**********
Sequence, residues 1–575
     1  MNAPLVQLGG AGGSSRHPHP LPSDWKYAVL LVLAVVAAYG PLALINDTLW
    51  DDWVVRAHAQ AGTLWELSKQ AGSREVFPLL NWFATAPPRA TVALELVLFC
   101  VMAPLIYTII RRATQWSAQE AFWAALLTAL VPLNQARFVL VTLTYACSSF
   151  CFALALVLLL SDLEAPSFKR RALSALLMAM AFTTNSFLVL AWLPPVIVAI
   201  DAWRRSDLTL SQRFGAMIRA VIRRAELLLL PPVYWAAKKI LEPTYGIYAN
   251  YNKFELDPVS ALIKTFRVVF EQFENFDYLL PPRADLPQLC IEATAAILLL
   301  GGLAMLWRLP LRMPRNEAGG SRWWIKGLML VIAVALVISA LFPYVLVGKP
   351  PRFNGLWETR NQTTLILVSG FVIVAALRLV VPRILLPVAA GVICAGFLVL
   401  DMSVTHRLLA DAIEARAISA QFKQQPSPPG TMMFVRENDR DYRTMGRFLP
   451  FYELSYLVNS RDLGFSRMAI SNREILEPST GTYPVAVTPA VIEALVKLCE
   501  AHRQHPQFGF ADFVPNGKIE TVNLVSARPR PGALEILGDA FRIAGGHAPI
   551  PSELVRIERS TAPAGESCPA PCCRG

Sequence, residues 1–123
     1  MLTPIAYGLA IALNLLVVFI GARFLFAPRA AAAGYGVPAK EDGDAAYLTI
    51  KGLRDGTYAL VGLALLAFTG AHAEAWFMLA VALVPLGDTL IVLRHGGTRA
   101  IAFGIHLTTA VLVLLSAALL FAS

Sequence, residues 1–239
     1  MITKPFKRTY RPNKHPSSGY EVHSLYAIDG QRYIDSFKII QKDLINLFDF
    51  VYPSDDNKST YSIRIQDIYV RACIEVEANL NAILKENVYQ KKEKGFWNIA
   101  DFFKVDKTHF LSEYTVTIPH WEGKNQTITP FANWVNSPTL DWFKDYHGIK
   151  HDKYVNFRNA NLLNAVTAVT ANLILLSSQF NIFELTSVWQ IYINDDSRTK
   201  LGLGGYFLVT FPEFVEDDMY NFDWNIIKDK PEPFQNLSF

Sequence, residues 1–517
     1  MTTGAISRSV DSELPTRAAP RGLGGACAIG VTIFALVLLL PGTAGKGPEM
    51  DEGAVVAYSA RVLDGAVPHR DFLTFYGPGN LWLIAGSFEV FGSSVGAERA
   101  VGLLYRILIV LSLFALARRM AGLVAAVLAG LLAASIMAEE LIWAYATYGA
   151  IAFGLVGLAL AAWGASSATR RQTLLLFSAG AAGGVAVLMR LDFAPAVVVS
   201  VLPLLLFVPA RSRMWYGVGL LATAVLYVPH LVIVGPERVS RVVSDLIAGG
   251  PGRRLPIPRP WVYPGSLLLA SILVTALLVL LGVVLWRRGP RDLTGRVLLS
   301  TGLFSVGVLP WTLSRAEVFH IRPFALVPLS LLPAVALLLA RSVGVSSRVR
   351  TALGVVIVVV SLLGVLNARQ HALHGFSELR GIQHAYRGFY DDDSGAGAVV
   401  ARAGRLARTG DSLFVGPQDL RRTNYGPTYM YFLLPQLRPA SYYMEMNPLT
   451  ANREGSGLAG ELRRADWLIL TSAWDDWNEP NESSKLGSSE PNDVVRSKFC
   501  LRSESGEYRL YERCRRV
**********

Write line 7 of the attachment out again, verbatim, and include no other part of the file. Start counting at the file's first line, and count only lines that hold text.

   251  YNKFELDPVS ALIKTFRVVF EQFENFDYLL PPRADLPQLC IEATAAILLL